And as He spoke, He no longer looked to them like a lion; but the things that began to happen after that were so great and beautiful that I cannot write them. And for us this is the end of all the stories, and we can most truly say that they all lived happily ever after. But for them it was only the beginning of the real story. All their life in this world and all their adventures in Narnia had only been the cover and the title page: now at last they were beginning Chapter One of the Great Story which no one on earth has read: which goes on for ever: in which every chapter is better than the one before

Out of death comes life - tiny cyclamens planted in the graveyard

Out of death comes life – tiny cyclamens in the graveyard

It was also important that we contemplated our own mortality so that we could become aware of our own thoughts and understanding about death because no-one is immune to the physical and emotional aspects of grief. Time spent in reflection enabled us to work through these attitudes in order that we can be better placed in the future to support those who will rely on us doing our ‘job’  both professionally and pastorally.

What is clear in all of this is that when death is not the end of life then death takes on a whole new meaning however it occurs

Death Comes

Death comes out of the shadows,
padding with stealthy footsteps;
like a thief in the night
to steal away life’s breath.

Death comes tumbling on the wind,
choking with gritty determination;
like a sudden desert sandstorm,
to obliterate hope and dreams.

Death comes with iron jaws,
lurking among the undergrowth;
like a hidden gin,
to bind and snare.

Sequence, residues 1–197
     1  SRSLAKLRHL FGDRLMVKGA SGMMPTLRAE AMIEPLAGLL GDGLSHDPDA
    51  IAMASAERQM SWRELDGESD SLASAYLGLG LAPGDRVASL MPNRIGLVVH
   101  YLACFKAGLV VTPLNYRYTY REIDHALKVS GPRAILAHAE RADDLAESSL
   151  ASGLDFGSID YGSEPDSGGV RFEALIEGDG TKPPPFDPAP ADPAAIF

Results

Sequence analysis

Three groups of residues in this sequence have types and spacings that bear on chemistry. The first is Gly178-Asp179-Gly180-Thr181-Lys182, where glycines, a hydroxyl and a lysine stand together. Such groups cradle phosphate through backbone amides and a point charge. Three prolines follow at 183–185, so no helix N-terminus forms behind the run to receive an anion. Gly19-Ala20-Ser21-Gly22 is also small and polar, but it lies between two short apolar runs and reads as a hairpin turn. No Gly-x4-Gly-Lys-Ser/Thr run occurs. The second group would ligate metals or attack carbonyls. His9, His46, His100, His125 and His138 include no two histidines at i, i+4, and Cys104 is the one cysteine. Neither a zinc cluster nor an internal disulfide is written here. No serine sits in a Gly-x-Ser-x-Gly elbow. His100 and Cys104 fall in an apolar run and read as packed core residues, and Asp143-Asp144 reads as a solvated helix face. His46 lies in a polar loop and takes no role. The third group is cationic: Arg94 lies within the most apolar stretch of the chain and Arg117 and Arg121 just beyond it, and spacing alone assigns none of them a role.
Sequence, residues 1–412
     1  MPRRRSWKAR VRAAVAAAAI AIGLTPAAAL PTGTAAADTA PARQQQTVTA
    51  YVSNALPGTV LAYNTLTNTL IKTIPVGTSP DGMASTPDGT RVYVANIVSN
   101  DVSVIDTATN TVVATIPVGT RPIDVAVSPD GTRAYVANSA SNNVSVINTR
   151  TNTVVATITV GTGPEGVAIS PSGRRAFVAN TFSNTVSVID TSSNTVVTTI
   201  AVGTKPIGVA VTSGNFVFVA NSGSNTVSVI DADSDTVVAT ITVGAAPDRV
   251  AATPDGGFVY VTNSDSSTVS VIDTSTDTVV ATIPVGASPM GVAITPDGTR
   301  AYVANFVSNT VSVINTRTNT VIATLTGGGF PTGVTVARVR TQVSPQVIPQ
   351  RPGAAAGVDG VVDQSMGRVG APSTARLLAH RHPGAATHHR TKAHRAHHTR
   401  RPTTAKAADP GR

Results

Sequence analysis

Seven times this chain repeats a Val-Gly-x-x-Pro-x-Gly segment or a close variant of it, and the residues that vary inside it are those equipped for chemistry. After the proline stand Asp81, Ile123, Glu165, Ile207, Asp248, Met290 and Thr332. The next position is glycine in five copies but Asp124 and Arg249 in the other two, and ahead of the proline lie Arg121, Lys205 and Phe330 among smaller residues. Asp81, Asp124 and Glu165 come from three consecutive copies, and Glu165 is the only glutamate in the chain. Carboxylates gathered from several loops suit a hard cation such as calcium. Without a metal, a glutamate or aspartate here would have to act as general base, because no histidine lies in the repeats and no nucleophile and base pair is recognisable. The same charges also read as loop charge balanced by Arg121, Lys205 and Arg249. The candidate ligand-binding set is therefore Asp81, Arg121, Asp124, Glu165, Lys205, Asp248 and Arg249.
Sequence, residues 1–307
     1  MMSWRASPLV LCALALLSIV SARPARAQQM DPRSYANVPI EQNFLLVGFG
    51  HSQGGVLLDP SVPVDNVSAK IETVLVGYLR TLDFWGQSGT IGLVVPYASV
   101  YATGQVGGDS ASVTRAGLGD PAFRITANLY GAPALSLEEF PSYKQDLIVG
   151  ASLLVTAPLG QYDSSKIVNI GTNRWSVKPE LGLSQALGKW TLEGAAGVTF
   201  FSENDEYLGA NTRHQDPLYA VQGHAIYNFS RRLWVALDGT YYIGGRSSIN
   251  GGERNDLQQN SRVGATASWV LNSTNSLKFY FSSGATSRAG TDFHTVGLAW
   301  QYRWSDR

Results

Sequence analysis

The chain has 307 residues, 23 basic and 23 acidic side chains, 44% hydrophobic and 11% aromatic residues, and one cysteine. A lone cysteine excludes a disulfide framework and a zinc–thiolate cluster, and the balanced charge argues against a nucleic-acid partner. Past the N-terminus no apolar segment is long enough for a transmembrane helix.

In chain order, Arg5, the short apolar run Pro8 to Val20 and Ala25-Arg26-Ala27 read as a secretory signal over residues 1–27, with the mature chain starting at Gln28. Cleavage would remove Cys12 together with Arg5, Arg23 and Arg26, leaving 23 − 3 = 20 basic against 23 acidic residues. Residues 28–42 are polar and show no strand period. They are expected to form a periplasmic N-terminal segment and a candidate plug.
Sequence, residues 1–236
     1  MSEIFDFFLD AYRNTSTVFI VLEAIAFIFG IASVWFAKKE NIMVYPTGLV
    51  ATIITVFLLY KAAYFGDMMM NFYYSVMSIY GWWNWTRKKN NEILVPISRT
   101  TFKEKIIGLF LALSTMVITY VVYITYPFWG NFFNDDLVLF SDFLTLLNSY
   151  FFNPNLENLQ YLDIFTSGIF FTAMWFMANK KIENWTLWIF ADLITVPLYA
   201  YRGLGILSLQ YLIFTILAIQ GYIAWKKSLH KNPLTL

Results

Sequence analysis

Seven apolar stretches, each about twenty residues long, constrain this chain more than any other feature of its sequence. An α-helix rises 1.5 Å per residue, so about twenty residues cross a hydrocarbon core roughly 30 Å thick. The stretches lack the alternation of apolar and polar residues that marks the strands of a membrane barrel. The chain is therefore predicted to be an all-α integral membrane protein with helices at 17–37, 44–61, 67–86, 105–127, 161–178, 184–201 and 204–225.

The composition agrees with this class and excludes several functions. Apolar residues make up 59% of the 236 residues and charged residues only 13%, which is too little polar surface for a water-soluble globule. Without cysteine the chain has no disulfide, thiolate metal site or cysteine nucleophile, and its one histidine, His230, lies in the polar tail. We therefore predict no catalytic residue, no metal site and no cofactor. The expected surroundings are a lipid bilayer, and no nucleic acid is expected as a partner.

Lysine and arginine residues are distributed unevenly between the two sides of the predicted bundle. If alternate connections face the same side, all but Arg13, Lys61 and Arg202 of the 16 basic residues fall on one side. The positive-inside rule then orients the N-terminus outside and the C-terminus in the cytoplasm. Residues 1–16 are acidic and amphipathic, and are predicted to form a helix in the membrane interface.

Death comes after sentence quashed,
counting the endless days;
like a prisoner of conscience ,
to bring welcome release.

Death comes in the shape of a cross,
sacrificing innocence;
like a lamb led to the slaughter
to redeem and bless humanity.

Grave Flowers blog


Coming Into The Presence of God

Out of the Window blog2

Coming into the presence of God

Another weekend at Cuddesdon brings new insights and experiences. Whilst not my first choice, the title of the workshop ‘Embodied Prayer in Orthodox Spirituality’ filled me with a sense of intrigue.

I would class my churchmanship as neither high nor low, but rather open to a smorgasbord of traditions. I therefore, was quite receptive to finding out more about what some might class as the high end of the church where orthodoxy is concerned.

In fact where orthodoxy is concerned the Western church is somewhat of an upstart according to the Syriac Orthodox Church of Antioch, which claims to use the oldest surviving liturgy in Christianity. However, I digress…

Our main purpose of the day would be to explore contemplative or noetic prayer as well as embodiment prayer – the former both involves silence and stillness (hesychia) and monologistic prayer (i.e. repeating a word or phrase such as the Jesus Prayer) – whilst the latter included prostration and the sign of the cross.

Standing to pray

Standing to pray